But those were the 80’s and I really hope kids today aren’t snorting cocaine in the front seat of a suburban prince’s BMW. Then again, I’m probably just living with my head in the sand. Where am I going with all of this? My point is that you really never regret waiting or taking it slow. Being a late bloomer may seem like a tragedy when you’re in high school but you will be so grateful when you are an adult. There are years and years to act grown-up (and it will be an act, of that I’m sure). Why rush it?
The only area in which I regret having been late to the party is, surprise, food. Nowadays it is no big deal to see a young family of four sharing a jumbo sushi boat or squeezing next to each other to feast on Korean barbecue or passing around a platter of chicken tikka masala. But I was raised on 60’s cuisine. The only kind of sauces we had were béarnaise, Hollandaise, and A-1. I didn’t know what curry was until my Pakistani friend invited me to dinner at her Auntie’s. (Yum.) And fruit meant bananas, apples, and the Christmas fruit tower from Harry and David. My palate was even more stunted than my social life. Sad but true.
It’s only been in the last few years that I have come to love things I used to hate: spicy food (except garlic), fish, feta cheese, olives, prunes, anise, ginger, squash and pears. The pear thing is really strange. I’m not sure why I used to object to them when now I love them so much. Maybe it was the slightly liquor-y taste? In the fall and winter they replace peaches in my late-night fruit and yogurt snack.
The other day I was feeling a little piqued, almost like I was car sick, although I hadn’t been in a car. I wanted something sweetish but also comforting and soothing. I had a few pears from the green market that were really ready to go and thought warming them up with some ginger might help fade the green around my gills. This muffin recipe did the trick. They really pack a ginger punch, so you should be a fan if you’re going to embark on them. (Or you could hold off on the extra sprinkling of crystallized ginger that garnishes the tops.) The process couldn’t be easier and the smell is sublime; mix the dry, mix the wet, gently mix wet into dry, fold in pears. Bake. A pear-ginger muffin and a cup of English Breakfast tea righted all that was wrong. Okay, maybe a muffin and a cozy cup of tea isn’t the stuff of cocaine dusted compact mirrors, but it’s this wild New Yorker’s drug of choice.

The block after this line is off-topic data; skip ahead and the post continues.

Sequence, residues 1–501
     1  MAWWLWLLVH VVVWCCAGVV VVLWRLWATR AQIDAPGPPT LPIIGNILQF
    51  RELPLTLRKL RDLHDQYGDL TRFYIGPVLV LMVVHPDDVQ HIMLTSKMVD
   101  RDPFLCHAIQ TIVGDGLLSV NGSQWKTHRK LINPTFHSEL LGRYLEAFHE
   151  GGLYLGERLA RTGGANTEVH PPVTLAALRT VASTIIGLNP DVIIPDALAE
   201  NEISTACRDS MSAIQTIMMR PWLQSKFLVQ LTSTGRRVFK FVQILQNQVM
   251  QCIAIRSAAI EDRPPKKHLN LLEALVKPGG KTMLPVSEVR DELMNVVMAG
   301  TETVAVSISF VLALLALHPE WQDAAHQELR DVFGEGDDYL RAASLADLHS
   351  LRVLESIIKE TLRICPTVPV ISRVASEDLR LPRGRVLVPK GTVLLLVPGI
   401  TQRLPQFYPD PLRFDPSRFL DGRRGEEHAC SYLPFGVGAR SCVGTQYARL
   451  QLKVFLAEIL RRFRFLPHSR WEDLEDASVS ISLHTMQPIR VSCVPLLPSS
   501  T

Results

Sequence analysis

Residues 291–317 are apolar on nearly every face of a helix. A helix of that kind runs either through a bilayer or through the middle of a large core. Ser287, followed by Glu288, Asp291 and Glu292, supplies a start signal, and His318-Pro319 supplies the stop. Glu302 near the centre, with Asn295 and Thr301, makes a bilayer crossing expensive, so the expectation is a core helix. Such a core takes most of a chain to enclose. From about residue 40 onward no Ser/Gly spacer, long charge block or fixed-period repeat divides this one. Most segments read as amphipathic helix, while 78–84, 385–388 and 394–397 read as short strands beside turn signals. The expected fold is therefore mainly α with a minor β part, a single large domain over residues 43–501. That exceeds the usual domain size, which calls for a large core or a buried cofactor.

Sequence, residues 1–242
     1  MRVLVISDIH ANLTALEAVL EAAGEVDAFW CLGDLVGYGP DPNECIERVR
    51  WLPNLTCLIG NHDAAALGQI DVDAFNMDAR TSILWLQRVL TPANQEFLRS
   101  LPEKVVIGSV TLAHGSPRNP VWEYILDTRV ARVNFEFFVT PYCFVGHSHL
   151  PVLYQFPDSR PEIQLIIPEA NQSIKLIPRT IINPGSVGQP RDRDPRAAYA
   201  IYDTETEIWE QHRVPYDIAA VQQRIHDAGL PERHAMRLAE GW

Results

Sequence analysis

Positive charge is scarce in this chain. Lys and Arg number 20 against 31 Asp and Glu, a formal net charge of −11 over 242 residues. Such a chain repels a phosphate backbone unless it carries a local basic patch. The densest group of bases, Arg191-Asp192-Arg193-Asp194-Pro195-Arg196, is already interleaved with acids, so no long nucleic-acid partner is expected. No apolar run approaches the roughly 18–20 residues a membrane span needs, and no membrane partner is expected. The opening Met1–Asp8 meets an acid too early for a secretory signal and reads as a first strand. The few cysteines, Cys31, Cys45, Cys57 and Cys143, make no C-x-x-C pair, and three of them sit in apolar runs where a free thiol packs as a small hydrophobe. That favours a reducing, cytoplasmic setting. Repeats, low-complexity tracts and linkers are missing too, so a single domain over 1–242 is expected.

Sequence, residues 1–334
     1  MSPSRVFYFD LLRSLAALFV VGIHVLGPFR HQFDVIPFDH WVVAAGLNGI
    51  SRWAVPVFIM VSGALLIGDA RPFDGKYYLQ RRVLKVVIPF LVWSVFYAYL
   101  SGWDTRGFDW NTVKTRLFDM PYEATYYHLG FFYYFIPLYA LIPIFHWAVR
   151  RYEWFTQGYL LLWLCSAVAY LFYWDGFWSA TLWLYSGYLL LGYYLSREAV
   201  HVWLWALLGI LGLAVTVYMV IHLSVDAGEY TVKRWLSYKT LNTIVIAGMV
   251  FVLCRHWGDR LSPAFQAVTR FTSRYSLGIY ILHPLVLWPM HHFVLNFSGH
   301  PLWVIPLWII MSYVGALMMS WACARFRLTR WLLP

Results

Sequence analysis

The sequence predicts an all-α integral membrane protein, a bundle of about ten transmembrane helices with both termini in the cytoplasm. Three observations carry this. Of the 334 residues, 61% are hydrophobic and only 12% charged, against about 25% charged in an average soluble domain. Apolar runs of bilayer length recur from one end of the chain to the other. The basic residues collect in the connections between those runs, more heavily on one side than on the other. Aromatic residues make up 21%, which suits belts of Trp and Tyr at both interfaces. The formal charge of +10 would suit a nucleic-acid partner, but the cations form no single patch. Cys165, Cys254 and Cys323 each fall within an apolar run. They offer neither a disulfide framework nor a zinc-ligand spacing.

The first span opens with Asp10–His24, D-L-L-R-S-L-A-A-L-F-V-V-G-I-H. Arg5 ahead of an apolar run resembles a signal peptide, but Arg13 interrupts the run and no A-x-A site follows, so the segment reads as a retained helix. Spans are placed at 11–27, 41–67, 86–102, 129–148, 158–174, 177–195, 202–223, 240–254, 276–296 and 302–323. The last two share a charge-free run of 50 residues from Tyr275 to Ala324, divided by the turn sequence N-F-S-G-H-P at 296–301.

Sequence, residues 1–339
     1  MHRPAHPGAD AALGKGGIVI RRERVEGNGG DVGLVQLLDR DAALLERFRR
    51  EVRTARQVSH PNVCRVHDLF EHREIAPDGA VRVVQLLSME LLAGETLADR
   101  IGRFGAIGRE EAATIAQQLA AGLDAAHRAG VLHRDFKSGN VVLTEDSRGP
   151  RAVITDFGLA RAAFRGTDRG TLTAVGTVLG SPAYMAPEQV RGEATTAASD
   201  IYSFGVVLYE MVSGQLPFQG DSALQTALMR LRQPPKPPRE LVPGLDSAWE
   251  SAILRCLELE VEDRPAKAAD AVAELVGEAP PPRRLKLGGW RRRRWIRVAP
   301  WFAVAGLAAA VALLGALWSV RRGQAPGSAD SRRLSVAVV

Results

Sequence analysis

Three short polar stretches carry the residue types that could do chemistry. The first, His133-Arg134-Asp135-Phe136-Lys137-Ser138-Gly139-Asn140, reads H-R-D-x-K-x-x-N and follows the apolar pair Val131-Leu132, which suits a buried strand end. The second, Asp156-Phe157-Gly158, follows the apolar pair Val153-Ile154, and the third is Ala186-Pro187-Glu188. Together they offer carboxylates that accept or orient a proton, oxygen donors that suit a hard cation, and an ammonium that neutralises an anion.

Late Bloomer Pear-Ginger Muffins
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1 3/4 cups all-purpose flour
2 tsp. baking powder
1/2 tsp. baking soda
1/4 tsp. salt
2/3 cup firmly packed golden brown sugar
1 tsp. ground ginger
1 Tbs. peeled and grated fresh ginger
2/3 cup finely chopped crystallized ginger
1 cup milk
6 Tbs. (3/4 stick) unsalted butter, melted
1 1/4 cups peeled, chopped pear (about 1 large)
Preheat oven to 425°F. Line 12 standard muffin cups with paper liners.
In a large bowl, stir together the flour, baking powder, baking soda, salt, brown sugar, ground ginger, fresh ginger and 1/3 cup of the crystallized ginger. Set aside.
In a medium bowl, whisk the eggs until blended. Stir in the milk and butter. Pour the egg mixture over the flour mixture and stir with a rubber spatula just until moistened. Fold in the pear. Do not over-mix.
Using a standard ice cream scoop, spoon the batter into the prepared muffin cups, filling them about three-fourths full. Sprinkle the remaining crystallized ginger evenly over the tops.
Bake until a toothpick inserted into the center of a muffin comes out clean, 15 to 18 minutes. Transfer the pan to a wire rack and let cool for 2 minutes, then remove the muffins from the pan and let cool completely. Serve warm. The muffins can be stored in an airtight container at room temperature for up to 2 days, or frozen for up to 1 month.
Yield: 12 muffins